NLP is a psychological approach to communication, personal development, and psychotherapy between neurological processes (neuro), language (linguistic), and learned behavior patterns (programming) that can be changed through tools such as reframing, rapport building, mirroring, and modeling. Speaking for myself, ‘reframing’ has saved my life.
“Reframing is a powerful process that helps you to see, recognize, give voice to, and ultimately negotiate between your inner conflicting parts, in order to change unwanted habits and limiting beliefs.” Master NLP Practitioner Elena Mosaner
It is through the use of reframing that I was eventually able to view all of the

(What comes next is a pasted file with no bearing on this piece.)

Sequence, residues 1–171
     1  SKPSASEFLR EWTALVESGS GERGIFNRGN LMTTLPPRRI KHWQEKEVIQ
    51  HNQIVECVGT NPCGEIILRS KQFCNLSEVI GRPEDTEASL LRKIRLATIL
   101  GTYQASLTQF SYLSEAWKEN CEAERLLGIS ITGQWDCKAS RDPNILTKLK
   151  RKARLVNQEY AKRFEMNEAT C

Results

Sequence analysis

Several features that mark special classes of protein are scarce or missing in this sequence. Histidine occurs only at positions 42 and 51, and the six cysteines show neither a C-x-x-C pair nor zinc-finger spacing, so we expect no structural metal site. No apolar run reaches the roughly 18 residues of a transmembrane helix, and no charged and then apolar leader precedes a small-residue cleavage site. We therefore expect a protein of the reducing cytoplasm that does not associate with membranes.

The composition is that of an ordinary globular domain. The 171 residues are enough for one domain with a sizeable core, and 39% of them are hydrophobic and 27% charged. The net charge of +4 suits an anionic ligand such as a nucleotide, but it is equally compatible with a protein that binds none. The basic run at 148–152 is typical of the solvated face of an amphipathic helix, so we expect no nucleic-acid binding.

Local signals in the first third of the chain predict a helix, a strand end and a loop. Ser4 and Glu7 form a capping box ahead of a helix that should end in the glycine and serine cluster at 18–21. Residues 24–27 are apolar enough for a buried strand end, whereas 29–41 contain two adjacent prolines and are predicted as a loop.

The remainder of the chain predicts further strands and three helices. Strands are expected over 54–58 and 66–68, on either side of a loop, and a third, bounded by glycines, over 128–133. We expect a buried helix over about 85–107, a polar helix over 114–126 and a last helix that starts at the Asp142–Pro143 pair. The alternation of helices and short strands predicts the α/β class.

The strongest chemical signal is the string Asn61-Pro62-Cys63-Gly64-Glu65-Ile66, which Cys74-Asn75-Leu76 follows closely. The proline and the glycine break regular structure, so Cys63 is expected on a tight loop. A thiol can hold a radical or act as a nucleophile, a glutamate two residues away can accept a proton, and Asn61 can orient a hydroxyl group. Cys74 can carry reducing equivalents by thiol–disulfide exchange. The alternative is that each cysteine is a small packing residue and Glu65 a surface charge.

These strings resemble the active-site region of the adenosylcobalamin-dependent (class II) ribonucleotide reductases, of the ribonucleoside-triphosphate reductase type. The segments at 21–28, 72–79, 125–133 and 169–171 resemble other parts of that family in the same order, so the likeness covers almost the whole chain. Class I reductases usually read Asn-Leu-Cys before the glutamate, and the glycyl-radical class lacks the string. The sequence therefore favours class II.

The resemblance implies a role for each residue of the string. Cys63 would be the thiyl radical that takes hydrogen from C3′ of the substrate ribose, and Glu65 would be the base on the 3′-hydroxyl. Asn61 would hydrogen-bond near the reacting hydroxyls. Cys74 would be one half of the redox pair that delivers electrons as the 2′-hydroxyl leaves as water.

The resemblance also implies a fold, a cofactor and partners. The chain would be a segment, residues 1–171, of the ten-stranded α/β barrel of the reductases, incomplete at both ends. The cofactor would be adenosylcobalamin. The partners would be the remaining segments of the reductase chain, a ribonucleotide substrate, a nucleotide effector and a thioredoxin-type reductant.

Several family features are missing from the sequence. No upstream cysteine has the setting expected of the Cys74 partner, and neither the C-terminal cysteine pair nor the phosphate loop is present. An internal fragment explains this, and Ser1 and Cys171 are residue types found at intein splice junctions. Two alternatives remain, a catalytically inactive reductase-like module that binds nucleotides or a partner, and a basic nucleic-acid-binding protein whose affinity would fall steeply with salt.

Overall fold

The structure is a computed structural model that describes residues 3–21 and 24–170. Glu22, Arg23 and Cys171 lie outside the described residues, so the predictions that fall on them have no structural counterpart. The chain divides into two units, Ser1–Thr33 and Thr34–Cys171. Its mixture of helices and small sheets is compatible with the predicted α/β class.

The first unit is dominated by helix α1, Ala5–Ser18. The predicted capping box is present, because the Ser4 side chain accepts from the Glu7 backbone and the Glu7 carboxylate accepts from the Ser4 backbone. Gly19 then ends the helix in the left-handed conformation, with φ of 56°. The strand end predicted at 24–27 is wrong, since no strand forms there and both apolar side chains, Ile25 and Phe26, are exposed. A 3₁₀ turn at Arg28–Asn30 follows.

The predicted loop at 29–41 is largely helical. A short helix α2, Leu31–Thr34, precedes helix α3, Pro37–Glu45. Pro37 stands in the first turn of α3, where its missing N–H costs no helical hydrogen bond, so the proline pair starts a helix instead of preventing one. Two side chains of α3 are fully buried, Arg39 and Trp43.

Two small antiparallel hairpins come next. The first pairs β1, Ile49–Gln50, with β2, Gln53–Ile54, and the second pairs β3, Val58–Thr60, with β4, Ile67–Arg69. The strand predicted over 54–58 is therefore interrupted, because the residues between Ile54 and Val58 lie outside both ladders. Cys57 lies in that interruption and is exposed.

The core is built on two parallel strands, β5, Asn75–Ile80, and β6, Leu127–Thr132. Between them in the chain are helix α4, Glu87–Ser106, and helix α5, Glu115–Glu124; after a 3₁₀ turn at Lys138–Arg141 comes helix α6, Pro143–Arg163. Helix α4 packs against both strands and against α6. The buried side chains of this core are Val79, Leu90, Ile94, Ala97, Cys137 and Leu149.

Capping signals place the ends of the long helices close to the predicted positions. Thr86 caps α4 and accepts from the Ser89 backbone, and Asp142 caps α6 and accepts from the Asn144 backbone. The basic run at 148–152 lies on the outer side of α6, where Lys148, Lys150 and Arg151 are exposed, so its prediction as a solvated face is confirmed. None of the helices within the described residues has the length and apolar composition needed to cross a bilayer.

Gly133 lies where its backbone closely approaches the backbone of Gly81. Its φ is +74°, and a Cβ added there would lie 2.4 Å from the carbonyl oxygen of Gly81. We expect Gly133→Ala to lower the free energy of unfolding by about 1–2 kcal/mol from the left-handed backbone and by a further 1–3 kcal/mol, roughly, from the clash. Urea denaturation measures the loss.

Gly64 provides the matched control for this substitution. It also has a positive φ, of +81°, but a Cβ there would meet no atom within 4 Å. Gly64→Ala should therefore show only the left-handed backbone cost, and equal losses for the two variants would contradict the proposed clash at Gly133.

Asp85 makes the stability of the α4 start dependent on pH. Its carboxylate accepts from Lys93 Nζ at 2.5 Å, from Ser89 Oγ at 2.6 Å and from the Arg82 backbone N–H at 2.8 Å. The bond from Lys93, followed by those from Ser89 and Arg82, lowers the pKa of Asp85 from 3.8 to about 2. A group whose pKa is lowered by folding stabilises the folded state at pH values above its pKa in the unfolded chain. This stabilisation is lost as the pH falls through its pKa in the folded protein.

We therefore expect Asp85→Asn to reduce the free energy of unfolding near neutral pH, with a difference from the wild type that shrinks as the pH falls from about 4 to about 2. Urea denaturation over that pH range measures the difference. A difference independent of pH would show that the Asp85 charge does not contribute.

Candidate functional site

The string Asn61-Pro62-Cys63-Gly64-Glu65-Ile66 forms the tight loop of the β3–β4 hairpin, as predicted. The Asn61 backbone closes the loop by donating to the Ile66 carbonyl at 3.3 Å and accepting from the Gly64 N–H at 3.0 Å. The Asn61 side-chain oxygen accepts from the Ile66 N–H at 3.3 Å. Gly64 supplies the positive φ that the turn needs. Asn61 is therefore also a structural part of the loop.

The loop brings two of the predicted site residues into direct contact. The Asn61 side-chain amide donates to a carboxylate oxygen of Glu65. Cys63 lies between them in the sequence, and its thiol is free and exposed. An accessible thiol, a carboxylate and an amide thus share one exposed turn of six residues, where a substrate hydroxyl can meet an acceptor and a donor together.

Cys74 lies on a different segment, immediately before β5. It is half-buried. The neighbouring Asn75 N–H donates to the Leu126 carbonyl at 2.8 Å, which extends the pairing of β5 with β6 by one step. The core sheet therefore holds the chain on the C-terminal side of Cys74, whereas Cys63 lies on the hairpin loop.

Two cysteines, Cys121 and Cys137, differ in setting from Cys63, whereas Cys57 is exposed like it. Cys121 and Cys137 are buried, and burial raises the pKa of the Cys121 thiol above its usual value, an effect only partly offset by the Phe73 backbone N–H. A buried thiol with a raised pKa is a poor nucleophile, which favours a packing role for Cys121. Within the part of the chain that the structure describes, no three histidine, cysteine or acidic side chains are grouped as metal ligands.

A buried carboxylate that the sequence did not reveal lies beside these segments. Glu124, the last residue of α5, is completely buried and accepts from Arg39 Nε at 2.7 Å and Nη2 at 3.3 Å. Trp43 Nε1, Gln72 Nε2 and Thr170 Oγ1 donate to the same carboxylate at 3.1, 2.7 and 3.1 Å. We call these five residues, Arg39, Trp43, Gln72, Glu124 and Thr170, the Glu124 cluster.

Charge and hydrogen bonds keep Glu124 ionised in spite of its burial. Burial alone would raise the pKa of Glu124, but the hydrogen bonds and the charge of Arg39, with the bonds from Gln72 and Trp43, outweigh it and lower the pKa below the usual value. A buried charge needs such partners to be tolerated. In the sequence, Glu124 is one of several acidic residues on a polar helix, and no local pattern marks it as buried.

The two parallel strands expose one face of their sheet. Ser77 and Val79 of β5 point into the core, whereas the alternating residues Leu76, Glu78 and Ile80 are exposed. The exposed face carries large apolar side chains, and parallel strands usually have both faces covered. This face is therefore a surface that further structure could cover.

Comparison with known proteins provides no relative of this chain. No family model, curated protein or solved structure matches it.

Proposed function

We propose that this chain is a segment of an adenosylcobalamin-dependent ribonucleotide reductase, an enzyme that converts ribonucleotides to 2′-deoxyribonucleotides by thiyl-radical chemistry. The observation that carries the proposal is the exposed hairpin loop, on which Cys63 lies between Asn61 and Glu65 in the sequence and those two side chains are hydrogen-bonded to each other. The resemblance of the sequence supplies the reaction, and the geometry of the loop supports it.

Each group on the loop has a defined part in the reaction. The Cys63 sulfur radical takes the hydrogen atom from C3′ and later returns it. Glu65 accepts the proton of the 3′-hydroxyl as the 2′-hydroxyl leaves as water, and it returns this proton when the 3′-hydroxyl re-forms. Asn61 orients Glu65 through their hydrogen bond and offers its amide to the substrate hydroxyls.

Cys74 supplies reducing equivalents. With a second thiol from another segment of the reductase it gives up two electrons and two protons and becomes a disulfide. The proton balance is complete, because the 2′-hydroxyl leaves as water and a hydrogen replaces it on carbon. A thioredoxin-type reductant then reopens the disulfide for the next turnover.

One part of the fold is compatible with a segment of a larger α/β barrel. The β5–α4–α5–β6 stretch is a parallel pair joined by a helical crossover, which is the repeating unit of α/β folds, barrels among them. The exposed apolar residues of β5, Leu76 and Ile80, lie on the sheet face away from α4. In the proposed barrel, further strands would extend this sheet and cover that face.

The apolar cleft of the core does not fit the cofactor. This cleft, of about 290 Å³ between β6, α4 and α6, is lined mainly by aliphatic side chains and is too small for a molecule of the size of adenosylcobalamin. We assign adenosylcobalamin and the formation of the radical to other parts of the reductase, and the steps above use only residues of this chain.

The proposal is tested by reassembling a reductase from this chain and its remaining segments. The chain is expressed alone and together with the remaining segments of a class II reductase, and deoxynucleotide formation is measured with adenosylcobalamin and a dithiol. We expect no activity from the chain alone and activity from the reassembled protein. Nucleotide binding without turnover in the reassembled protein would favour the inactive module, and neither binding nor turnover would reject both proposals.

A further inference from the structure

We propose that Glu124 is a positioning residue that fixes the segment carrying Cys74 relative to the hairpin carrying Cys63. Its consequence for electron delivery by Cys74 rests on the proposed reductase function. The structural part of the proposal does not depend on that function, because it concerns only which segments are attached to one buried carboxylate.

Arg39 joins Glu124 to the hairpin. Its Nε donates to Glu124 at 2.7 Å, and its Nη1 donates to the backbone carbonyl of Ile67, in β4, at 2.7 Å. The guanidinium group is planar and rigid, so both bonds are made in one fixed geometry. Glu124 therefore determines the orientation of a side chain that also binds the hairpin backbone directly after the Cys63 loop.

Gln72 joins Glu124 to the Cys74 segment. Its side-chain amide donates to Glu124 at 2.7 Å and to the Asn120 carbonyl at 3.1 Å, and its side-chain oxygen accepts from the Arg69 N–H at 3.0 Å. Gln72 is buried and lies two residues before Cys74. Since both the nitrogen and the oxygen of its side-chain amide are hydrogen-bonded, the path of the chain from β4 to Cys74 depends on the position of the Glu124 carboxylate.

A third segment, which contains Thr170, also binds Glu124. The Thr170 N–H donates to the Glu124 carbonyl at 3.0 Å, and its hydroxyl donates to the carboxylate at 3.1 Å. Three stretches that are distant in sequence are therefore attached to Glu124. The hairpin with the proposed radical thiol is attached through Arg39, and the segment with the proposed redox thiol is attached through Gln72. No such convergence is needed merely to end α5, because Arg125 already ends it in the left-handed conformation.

perspectives surrounding every event that created a CPTSD diagnosis, and instead of finger-blaming those who participated in my pain, as I’d done for so many years, I learned to consider all aspects of their behavior, which helped me to view them from a different perspective. The moment someone hurts us, all we feel is that hurt and we’re angry about it, we want justice for our pain. What we don’t realize is, that very thought/behavior process cloaks us in a victim mindset, and although we may very well be the victim of someone else’s thought/behavior process, continuing to wear that cloak isn’t bringing justice to our pain. Need we be reminded that stress kills? Instead, we hold onto it, and protect it, and wear it as if it’s a medal of honor.